I'm a novice that is starting to play with OpenGL ES on Android devices. To practice OpenGL I wanted to create a small game engine and so I was wondering what the best 3D model file format would be.

I'm also interested in free models of the same format.

What do you suggest?


There are two that are really easy to use. First is wavefront (.obj) http://en.wikipedia.org/wiki/Wavefront_.obj_file and the second is stanford (.ply) http://en.wikipedia.org/wiki/PLY_(file_format)

Both store data in normal text/ascii format so you can read the content in a normal text editor which will help you understand the content and how to read it.

There are more advanced and methods that supports more functions (animation, skinning etc), one of those is the Collada which is developed by the khronos group

  • \$\begingroup\$ I must admit that I've got a fair game engine developed and I haven't even heard of PLY files before. Never seen anybody offer content in that type either. Is it actually used for anything other than bunnies? \$\endgroup\$ – dascandy Jul 20 '11 at 10:41
  • \$\begingroup\$ Maybe it is not so widely used. I havent looked for ply models online. I come across it in school and when I wanted to exported my models in blender to opengl. As you say, on the internet it probably only used for bunnies and maybe a teapot or dragon :) \$\endgroup\$ – Rickard Jul 20 '11 at 10:55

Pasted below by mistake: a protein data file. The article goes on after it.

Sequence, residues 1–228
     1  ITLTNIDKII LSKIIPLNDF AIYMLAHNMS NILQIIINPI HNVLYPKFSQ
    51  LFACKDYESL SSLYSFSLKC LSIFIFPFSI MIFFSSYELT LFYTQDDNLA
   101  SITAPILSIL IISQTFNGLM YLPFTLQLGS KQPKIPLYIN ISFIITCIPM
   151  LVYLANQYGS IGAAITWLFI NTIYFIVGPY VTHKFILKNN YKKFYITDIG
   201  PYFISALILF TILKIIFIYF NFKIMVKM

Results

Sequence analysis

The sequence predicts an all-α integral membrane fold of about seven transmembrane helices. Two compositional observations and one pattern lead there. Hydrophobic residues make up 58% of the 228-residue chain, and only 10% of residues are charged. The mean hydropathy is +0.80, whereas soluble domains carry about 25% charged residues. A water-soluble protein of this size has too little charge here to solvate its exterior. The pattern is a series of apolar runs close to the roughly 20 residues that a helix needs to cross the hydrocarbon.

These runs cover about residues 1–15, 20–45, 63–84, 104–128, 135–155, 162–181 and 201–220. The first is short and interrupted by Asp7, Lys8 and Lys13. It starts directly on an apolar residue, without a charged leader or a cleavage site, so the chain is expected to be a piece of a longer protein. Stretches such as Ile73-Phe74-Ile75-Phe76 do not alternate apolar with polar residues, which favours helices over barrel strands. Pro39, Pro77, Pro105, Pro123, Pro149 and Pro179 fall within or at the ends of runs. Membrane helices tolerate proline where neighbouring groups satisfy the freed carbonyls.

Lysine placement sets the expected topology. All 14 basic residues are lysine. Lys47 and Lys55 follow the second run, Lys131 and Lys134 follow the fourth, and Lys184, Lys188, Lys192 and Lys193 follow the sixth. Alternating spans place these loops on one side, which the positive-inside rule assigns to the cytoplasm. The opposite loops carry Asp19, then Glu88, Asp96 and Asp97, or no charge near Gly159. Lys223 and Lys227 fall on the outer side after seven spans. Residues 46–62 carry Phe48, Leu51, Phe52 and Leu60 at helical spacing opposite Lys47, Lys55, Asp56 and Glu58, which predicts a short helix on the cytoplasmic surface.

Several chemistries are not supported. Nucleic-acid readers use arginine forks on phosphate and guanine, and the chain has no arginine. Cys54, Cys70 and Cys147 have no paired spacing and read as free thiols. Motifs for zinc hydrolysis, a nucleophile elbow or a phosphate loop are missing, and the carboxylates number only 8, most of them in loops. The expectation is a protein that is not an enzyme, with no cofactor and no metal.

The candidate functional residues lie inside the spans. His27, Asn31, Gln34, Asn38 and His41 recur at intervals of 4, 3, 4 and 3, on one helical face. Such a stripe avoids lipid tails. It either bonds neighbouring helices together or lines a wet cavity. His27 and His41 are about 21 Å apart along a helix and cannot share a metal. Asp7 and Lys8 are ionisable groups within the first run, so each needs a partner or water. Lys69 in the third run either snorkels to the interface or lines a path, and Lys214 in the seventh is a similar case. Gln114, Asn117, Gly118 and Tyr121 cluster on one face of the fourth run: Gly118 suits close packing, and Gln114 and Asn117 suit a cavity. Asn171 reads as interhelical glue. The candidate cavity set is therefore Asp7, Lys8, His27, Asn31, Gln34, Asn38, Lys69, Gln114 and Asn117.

The file formats does not depend on the graphics API. For OpenGL, the simplest and most commonly used format is the *.OBJ, or the *.3DS. It's easy to find on the web loaders for these files. Free models (and even) commercial model packs use these formats. The 3D modeller softwares can export to these formats too. (3ds max, blender, milkshape, etc).

  • 5
    \$\begingroup\$ -1 first thing you say: it doesnt depend on the graphics API, next thing you say is: for OpenGL it is xxx, that's contradictory. How did you verify that anyway? I'd say most common are custom formats, since they should be pretty optimized for the game(-engine) \$\endgroup\$ – Maik Semder Jul 19 '11 at 14:29
  • \$\begingroup\$ When i said that, i meant "if you use opengl". People who use OpenGL, use these formats as starting formats, because these are really simple (for example, *.OBJ is plain text) to read, really easy to export to, and to find over the net free models in these formats. Like in DirectX, *.X is commonly used by novice users, because the SDK comes with an "out of the box" *.X file class. And yes, You are right about the custom format, but custom formats not the way to starting with model formats, but next-next step. If you know what/how to export as custom format, you dont ask question like above. \$\endgroup\$ – ktornai Jul 23 '11 at 15:40

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